My research is about robotic autonomy.
And so, that focuses on how we give robots the ability to perceive their environment and act within it.
And we do this from a theoretical level being able to build the algorithms that can do this,
but also from an experimental level.
Fielding robots, ground vehicles, different kinds of sensory modalities, different kinds of capabilities.
To be able to do things that people thought never would be possible with robotic platforms.
So, visual inertial calibration tools for cameras, and IMU's.
Different kinds of autonomy tasks. Being able to do stochastic model predictive control.
And finally visual inertial slam, or simultaneous localization and mapping.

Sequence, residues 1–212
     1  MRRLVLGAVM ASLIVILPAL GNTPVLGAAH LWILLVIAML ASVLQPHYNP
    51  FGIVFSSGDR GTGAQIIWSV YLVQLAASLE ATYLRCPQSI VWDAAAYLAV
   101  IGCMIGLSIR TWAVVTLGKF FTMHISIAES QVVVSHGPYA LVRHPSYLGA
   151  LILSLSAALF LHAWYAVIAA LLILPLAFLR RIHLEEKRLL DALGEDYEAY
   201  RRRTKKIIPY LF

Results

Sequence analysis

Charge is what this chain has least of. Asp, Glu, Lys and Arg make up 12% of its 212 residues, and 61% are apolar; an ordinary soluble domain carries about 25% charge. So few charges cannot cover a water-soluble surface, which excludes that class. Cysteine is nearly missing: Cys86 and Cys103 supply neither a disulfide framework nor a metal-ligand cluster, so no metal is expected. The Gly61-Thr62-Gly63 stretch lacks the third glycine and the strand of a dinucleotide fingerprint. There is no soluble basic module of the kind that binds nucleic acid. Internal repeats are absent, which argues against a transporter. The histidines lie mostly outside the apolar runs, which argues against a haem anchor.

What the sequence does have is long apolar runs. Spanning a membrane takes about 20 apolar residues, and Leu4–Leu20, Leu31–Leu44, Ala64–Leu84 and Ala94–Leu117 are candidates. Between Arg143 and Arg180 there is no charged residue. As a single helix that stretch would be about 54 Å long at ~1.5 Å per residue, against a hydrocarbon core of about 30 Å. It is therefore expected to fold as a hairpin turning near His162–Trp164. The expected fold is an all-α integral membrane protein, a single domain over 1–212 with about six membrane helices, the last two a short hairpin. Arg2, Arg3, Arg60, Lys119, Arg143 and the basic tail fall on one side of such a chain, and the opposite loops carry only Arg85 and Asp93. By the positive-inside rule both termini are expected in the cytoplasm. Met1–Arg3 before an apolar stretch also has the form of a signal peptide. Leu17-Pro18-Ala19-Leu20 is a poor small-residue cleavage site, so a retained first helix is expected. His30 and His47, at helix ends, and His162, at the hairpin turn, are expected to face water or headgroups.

Duild the map, and where are you within that map as you're walking around, or as you're moving a robot around.
Those are tools that we've developed and take a lot of pride in.
CU Boulder is one of the most interdisciplinary places I've ever worked. I can talk to folks from aerospace or electrical engineering mechanical engineering.
Just seeing the ecosystem of robotics and perception grow here at Boulder,
it's been awesome to have new collaborators that came from my lab. So, we have a shared language.
but also to see the the field evolve as it has in mature as it has into transferring what we're doing here and bringing it out into the industry.